In Book 1, “In the Company of Friends”, much of the initial action takes place within the Royal Palace at Pella, so I have given here a few notes on what that building was like. The excavation and restoration of the site is on-going so much more will no doubt be discovered in future years.
The ancient Macedonian palace was a massive construction covering an area of 56,000 square meters (602,780 sq ft). Originally built in the fifth century BC, during the reign of Archaelaus, its buildings were added to during the reigns of later kings. Comprised of a complex network of buildings connected to each other through loggias, staircases and paths and built on different levels, it must have impressed even the sophisticated Athenians when they visited.
Approached from the south, the visitor’s first sight of the monumental entrance of the propylon (portico) must have immediately announced that, certainly in Philip and Alexander’s day, they were about to enter the home of not just any king, but the home of King of Makedon. It must have been an intimidating feeling and yet at the same time, there was a lightness and airyness about the palace that must also have lifted hearts if the visitor was coming to ask for Philip’s aid for any King who dwelt in such a magnificent palace would surely be able to help.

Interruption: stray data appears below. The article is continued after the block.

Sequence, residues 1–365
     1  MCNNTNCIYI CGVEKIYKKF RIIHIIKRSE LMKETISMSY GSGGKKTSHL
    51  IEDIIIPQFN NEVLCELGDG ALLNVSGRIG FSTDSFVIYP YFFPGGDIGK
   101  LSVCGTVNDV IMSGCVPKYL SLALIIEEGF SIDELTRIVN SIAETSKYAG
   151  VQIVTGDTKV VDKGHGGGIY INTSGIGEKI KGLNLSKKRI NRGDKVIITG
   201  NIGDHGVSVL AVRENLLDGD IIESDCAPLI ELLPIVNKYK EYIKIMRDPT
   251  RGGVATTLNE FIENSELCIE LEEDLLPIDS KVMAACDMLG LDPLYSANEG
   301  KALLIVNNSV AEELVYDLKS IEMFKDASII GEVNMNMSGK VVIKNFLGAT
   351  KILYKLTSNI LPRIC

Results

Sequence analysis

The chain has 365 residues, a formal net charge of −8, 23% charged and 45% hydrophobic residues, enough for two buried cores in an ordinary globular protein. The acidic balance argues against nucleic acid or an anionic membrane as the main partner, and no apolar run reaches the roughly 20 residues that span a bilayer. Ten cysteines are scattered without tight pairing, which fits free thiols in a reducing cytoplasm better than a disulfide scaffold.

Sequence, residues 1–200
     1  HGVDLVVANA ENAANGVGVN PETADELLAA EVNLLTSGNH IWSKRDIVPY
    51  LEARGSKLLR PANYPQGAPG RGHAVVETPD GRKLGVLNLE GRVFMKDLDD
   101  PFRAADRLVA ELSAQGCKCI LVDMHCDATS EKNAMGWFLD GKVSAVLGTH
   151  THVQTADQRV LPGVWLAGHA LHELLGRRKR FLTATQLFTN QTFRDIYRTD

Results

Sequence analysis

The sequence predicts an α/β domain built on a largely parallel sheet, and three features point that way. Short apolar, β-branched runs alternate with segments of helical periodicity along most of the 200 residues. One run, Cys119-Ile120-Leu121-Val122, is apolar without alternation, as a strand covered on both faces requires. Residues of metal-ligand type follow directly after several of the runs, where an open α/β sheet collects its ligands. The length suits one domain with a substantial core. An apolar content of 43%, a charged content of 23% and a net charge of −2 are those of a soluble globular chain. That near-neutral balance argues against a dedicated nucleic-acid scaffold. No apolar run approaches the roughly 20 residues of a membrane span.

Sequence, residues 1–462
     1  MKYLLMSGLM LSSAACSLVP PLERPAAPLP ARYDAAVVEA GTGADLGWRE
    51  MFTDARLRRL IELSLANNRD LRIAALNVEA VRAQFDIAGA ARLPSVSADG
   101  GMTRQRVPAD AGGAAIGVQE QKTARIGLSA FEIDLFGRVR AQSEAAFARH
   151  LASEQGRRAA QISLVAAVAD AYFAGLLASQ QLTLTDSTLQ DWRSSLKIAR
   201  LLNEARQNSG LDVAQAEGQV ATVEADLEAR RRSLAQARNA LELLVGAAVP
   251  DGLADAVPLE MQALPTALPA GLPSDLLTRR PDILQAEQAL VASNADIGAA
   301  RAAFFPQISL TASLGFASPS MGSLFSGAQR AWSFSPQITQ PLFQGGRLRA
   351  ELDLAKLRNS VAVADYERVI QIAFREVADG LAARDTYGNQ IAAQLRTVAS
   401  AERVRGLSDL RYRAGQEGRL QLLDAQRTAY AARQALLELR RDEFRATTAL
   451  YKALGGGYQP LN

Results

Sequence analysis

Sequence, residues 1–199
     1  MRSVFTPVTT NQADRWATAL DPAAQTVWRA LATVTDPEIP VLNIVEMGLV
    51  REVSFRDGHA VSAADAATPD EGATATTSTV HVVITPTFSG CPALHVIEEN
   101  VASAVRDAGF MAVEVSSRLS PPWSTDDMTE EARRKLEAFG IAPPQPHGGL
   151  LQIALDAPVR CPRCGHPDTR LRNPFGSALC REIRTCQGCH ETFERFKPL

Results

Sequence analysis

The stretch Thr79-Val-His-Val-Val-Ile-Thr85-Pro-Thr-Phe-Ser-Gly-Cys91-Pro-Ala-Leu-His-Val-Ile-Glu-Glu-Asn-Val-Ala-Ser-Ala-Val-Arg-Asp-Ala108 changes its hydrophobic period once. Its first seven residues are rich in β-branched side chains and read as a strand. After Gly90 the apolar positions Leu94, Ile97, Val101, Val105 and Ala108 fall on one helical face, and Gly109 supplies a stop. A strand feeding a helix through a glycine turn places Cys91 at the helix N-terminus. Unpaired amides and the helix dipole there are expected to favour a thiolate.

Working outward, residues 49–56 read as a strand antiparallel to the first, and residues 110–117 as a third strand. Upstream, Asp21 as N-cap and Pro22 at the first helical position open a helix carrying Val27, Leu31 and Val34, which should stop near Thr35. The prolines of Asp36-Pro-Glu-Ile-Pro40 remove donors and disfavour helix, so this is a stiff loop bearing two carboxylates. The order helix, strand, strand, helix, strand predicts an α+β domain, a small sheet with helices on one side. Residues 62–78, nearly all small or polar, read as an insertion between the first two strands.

Two impressive two-storied stoas (colonnades) flanked the palace entrance and contained benches for seating at least 120 individuals. One wonders if this was for waiting visitors or for guests to watch some display carried on before the palace entrance. Inside the palace, a peristyle court (peristylion) at the building’s heart operated as an Agora, a social place where the Makedones could meet and discuss the affairs of the day.
There were also gardens known for their beauty and serenity. We know this from details given of the life of the Greek tragedian Euripides who wrote two of his most famous plays, “Archaelaus” and “The Bacchae,” while he was sitting in the Macedonian palace’s gardens. Sadly, his stay there did not end well as he was killed by dogs – some say they were the King’s ferocious hunting hounds, others that the dogs were wild. Either way, this must have made King Archelaus distraught that his renowned guest had suffered such a terrible end to his life whilst under his protection.